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Aunt Agatha (Mary Wimbush) and Arthur Prysock (John Cassady) (Jeeves and Wooster - Introduction on Broadway)
|First appearance||Introduction on Broadway|
|Created by||P. G. Wodehouse|
|Portrayed by||Mary Wimbush|
Agatha Gregson, née Wooster, later Lady Worplesdon, is a recurring fictional character in the Jeeves stories of British comic writer P. G. Wodehouse, being best known as Aunt Agatha, Bertie Wooster's least favourite aunt, and a counterpoint to her sister, Bertie's Aunt Dahlia. Fearsome and strong-willed, she is always trying to get Bertie married, though without success, thanks to Jeeves's interference. She is known as "the nephew-crusher". Bertie would avoid her if he could, but far too often finds himself bent to her indomitable will.
The original of Aunt Agatha, "the nephew-crusher", was Wodehouse's aunt Mary Bathurst Deane, his mother's older sister. In a letter dated 14 January 1955, Wodehouse wrote "Aunt Agatha is definitely my Aunt Mary, who was the scourge of my childhood." According to Richard Usborne, a leading Wodehouse scholar, "His Aunt Mary (Deane) harried and harassed him a good deal, and blossomed later into Bertie's Aunt Agatha. Aunt Mary honestly considered that her harrying and harassing of the young Pelham was for his good; and she may have been right."
Agatha had at first been affianced to Percy Craye, though upon reading in the papers of his behaviour at a Covent Garden ball, she had ended the engagement. She then married Spenser Gregson, who is her husband for most of the Wodehouse canon, though he dies in time for her to marry Craye, who had by then become Lord Worplesdon, Earl of Worplesdon, whereupon she becomes Lady Worplesdon. She has one son, Thomas Gregson, (Thos.). She is also the stepmother of Lord Worplesdon's daughter, Florence Craye.
Her pet dog McIntosh, a West Highland white terrier, was the centre of the plot of Episode of the Dog McIntosh and its TV adaptation Tuppy and the Terrier, in which Bertie almost lost it to a Broadway producer.
Aunt Agatha has been described as "the best image of the dialoguing philosopher".
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In the 1960s TV adaptation starring Ian Carmichael and Dennis Price, Aunt Agatha was played formidably by Fabia Drake. In Jeeves and Wooster, a Granada Television series based on the canon, which aired in the early 1990s, she was played by Mary Wimbush for the first three series and by Elizabeth Spriggs in the fourth.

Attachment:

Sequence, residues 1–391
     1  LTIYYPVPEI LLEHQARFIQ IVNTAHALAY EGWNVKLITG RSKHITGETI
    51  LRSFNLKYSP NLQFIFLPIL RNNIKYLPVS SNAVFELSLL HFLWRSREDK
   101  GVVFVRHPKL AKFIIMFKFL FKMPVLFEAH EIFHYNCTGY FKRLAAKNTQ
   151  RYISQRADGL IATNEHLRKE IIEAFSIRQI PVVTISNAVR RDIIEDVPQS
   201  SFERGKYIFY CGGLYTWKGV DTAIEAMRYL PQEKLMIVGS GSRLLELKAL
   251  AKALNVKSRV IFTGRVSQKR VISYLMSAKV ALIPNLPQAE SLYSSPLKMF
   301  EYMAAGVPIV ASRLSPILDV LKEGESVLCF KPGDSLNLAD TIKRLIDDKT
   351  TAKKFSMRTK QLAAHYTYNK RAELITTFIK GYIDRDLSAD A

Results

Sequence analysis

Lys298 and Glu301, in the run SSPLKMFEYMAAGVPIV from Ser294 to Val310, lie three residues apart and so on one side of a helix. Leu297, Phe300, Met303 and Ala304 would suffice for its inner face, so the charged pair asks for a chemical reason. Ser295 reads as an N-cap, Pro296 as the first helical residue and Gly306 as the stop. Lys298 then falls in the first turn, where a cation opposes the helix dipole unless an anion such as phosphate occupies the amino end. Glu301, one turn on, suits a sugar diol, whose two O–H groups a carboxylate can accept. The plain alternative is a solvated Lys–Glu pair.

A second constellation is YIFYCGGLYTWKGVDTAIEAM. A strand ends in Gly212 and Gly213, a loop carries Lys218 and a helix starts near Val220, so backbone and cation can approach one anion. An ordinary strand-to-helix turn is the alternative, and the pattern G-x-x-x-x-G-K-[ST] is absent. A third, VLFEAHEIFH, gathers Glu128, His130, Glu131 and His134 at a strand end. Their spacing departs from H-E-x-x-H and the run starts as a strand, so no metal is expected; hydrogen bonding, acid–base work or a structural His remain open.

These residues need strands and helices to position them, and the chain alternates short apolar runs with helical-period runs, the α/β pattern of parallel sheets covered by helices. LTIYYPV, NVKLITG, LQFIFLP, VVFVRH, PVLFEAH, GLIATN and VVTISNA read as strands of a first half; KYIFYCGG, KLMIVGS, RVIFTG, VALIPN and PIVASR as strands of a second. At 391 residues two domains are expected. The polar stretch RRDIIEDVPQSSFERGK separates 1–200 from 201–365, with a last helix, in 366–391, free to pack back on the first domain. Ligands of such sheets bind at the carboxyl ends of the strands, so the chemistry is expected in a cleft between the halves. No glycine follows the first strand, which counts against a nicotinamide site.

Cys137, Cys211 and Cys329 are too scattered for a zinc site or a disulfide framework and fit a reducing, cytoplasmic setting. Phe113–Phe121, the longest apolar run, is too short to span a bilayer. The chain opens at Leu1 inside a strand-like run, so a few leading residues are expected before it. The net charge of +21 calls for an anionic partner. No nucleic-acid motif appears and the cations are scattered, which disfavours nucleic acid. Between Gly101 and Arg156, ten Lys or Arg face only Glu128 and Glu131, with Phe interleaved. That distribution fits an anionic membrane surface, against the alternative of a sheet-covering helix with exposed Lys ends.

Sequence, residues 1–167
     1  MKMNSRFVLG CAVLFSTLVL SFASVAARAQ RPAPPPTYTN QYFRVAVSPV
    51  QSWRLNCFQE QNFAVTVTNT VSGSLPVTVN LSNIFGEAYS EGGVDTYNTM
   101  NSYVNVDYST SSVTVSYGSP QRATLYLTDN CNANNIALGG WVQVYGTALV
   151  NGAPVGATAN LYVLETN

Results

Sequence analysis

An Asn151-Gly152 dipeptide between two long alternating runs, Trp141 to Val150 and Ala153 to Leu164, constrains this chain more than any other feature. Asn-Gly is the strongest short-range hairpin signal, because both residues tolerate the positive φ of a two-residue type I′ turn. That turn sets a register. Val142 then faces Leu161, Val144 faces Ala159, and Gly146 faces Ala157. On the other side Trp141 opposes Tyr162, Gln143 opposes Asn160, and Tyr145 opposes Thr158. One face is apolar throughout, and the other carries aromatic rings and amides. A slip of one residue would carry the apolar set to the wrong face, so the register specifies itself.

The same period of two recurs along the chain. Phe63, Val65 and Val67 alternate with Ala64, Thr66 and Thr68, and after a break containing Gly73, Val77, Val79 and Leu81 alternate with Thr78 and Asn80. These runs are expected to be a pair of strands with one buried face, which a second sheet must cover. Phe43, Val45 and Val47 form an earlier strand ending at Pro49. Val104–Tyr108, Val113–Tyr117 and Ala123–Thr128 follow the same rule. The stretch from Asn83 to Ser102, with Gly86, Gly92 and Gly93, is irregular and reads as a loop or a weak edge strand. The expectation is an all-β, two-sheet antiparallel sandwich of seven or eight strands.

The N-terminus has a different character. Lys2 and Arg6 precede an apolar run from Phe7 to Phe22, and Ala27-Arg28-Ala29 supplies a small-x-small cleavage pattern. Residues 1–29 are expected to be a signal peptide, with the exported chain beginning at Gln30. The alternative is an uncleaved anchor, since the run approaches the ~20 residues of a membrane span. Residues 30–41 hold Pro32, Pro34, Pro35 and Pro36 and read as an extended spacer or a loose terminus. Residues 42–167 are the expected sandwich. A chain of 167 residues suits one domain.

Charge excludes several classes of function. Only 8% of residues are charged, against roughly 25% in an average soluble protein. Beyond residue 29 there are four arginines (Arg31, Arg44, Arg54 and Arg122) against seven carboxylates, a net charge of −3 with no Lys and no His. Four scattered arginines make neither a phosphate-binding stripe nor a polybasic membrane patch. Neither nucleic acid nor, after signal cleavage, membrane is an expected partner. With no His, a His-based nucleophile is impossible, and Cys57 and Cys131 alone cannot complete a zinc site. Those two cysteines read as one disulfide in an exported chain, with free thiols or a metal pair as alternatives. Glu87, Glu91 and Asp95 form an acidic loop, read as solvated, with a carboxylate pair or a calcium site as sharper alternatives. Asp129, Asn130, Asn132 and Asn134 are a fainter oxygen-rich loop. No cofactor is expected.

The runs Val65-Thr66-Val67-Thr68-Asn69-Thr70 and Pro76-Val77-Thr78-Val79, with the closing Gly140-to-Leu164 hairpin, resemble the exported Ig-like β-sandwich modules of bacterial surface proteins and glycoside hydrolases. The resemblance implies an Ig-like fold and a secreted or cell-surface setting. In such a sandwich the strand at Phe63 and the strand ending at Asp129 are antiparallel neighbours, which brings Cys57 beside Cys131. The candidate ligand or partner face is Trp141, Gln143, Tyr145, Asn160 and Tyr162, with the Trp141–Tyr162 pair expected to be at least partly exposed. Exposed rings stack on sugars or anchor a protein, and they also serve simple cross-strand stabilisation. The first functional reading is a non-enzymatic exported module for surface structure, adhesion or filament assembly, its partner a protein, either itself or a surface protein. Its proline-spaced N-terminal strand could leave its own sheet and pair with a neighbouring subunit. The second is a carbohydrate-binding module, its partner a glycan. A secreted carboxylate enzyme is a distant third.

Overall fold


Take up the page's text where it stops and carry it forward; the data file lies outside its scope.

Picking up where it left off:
Aunt Agatha as described by Bertie
- "My Aunt Agatha, the one who chews broken bottles and kills rats with her teeth."
- "Aunt Agatha, who eats broken bottles and wears barbed wire next to the skin."
- "When Aunt Agatha wants you to do a thing you do it, or else you find yourself wondering why those fellows in the olden days made such a fuss when they had trouble with the Spanish Inquisition."
- "Aunt Agatha, the one who kills rats with her teeth and devours her young."
- "My Aunt Agatha who eats broken bottles and is strongly suspected of turning into a werewolf at the time of the full moon."
- "We run to height a bit in our family and there's about five-foot-nine of Aunt Agatha, topped off with a beaky nose, an eagle eye, and a lot of grey hair, and the general effect is pretty formidable."
Aunt Agatha also seems likely to have caused Bertie's expostulation that "It is no use telling me that there are bad aunts and good aunts. At the core, they are all alike. Sooner or later, out pops the cloven hoof".
- Aunt Agatha Takes The Count
- Scoring off Jeeves
- Sir Roderick Comes to Lunch.
- The Delayed Exit of Claude and Eustace
- Jeeves and the Impending Doom
- Jeeves and the Yule-tide Spirit
- The Indian Summer of an Uncle
- The term "Aunt Agatha" has come to mean a "formidable aunt" or, more generally, "any older woman of fearsome disposition".
- "Aunt Agatha", or "Great Aunt Agatha", is a term sometimes used somewhat disparagingly by workers in the City of London's financial markets to describe a risk-averse, low-volume, non-corporate investor.
- "Aunt Agatha's flying helmet" is used as a raffle box for competition entries in the 'Straight and Level' humour page in Flight International, a British aviation-related trade journal.
- N. T. P. Murphy, The P. G. Wodehouse Miscellany (2015), p. 12
- Richard Usborne, Wodehouse at work to the end (1976), p. 43
- Lecercle, Jean-Jacques (1998). "'Speaking is dirty, writing is clean': the rules of dialogue". Comparative Criticism. 20: 17–32. ISSN 0144-7564.
- Manser, Martin H (2009). Dictionary of Allusions. Facts on File. ISBN 978-0-8160-7105-0.